The Yomiuri ShimbunMore and more tire manufacturers are raising their prices due to costlier natural and synthetic rubber, the main raw materials for tires, and passing on the growing production costs to their customers.
They have increased prices for commercial tires, such as those supplied to automotive supply shops, and may do the same for auto makers in the future.
On March 28, Bridgestone Corp. announced it would increase by an average of 6 percent the prices of summer tires for passenger cars to be shipped from June on.
The company also said it would consider raising the prices of winter tires. Yokohama Rubber Co., Toyo Tire & Rubber Co. and Sumitomo Rubber Industries Ltd. also announced tire price hikes, the first in six years.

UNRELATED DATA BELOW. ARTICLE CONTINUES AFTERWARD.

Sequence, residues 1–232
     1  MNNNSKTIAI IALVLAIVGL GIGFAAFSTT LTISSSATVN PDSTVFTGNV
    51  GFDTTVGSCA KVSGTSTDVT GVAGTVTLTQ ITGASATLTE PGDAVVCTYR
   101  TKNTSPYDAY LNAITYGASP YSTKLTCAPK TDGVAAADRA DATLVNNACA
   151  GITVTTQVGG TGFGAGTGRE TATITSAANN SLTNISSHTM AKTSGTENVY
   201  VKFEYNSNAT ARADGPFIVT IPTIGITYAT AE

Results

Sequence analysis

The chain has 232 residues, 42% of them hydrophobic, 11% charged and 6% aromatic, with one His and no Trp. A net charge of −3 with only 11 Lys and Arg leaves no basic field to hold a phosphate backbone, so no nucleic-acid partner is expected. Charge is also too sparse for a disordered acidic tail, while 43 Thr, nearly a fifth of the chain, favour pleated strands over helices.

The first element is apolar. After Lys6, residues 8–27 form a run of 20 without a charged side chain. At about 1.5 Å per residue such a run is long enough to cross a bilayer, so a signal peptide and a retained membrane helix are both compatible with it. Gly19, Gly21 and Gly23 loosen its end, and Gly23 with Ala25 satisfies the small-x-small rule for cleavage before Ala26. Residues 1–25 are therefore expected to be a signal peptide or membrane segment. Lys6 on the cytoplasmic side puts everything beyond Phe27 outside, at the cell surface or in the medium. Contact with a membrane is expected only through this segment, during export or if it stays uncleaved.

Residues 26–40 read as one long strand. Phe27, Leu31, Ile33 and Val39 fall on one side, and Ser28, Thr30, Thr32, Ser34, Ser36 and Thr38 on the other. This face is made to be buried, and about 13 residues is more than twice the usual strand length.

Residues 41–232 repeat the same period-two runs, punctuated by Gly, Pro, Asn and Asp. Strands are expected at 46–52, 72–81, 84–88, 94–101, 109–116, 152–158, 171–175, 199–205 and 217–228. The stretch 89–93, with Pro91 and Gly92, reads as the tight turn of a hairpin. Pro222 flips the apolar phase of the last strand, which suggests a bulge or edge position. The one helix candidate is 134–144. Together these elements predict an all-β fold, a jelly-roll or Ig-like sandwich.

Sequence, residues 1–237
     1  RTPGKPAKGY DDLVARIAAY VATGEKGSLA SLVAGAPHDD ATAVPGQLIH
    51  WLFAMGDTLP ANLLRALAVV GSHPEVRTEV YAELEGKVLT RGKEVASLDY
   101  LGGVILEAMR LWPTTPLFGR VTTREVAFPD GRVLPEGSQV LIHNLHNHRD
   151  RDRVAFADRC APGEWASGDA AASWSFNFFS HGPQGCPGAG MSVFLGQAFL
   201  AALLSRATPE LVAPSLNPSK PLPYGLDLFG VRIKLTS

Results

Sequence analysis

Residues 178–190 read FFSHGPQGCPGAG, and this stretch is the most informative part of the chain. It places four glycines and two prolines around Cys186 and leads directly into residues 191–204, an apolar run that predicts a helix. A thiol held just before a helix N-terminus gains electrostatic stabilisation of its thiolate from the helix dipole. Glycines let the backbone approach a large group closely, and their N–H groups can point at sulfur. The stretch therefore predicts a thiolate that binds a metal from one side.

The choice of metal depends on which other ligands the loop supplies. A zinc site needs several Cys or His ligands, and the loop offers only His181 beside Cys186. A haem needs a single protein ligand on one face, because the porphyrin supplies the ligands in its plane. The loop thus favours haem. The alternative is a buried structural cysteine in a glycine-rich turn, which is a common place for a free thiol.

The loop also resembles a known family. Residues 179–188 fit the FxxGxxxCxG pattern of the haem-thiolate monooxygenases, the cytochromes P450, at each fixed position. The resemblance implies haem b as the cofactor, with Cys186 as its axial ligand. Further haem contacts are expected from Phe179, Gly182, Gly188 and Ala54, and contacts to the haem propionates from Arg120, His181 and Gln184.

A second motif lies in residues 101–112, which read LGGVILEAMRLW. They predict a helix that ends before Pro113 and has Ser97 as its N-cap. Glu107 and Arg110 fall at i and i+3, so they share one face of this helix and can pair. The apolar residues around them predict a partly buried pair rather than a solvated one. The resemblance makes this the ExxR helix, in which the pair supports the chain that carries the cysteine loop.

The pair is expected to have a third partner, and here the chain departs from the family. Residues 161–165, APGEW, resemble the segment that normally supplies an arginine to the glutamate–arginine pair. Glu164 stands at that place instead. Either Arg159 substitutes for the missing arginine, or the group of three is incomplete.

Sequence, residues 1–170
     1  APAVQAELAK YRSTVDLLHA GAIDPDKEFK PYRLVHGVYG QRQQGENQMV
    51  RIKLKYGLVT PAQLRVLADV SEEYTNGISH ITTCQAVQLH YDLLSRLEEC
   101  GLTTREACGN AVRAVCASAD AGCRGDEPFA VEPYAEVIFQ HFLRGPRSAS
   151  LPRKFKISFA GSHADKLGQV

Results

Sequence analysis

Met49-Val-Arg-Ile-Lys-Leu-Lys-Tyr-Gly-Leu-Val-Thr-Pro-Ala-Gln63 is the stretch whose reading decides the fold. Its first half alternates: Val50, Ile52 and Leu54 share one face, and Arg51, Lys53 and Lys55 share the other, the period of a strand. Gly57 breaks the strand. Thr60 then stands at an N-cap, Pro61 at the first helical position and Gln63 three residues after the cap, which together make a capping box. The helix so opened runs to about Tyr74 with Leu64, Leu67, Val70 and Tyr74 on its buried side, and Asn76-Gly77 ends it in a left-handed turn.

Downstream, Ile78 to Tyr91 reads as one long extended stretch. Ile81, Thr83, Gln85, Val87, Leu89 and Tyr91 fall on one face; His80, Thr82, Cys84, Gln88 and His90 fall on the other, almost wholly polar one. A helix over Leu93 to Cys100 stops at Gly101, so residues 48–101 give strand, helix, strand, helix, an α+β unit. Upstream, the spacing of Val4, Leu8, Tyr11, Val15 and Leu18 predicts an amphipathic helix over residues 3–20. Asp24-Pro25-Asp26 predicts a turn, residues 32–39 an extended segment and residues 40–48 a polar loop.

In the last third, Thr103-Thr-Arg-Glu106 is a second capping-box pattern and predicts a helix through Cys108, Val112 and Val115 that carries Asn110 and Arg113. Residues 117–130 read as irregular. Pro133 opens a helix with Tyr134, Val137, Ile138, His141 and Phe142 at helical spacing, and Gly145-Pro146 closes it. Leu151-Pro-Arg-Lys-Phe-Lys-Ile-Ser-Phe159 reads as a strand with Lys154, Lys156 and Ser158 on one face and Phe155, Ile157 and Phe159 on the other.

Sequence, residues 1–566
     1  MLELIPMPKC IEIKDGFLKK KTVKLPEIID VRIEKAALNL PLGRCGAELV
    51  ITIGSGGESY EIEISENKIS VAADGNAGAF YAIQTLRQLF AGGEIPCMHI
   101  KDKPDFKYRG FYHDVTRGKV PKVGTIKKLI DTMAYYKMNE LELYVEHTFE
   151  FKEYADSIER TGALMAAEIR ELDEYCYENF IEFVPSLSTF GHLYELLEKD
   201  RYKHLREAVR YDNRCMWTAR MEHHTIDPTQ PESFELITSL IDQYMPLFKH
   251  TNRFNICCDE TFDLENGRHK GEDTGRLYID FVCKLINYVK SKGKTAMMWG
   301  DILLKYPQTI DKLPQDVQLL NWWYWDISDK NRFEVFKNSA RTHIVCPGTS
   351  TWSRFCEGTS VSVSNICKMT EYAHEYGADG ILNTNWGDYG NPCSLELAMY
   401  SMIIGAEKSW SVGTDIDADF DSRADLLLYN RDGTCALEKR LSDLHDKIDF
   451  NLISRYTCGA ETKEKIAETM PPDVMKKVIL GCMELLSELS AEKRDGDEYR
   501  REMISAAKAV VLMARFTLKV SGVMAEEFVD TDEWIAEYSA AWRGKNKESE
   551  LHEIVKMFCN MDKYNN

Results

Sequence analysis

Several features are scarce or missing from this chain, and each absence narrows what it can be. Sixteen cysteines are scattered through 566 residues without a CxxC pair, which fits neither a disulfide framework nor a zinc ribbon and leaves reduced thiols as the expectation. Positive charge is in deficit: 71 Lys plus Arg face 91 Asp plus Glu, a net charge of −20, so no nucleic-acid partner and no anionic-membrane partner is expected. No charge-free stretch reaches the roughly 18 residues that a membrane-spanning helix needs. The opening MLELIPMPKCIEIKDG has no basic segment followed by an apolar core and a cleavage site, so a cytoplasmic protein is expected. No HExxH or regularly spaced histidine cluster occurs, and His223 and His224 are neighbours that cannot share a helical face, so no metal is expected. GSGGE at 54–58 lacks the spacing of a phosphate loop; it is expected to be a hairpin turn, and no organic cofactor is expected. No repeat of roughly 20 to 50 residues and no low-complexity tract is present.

Natural rubber is now being traded at about double its cost at the beginning of 2016. Due to expectations of more tire demand in China in the future, speculative funds have been flowing into natural rubber transactions since the latter half of 2016, apparently fueling the surge in prices.
In January this year, there was a flood in Thailand, the world’s key producer of natural rubber, causing widespread concern about lower supply. This impacted natural rubber prices, while synthetic rubber’s prices jumped in response to rising crude oil prices.
Prices for consumers are decided by retailers, such as automotive supply stores, meaning they will not immediately have to spend more. Major automotive-related goods retailer Autobacs Seven Co. plans to carefully decide whether to raise tire prices, with a spokesperson saying, “Consumers are exchanging their winter tires for summer ones, so even if we decide to raise prices, the timing will be difficult.”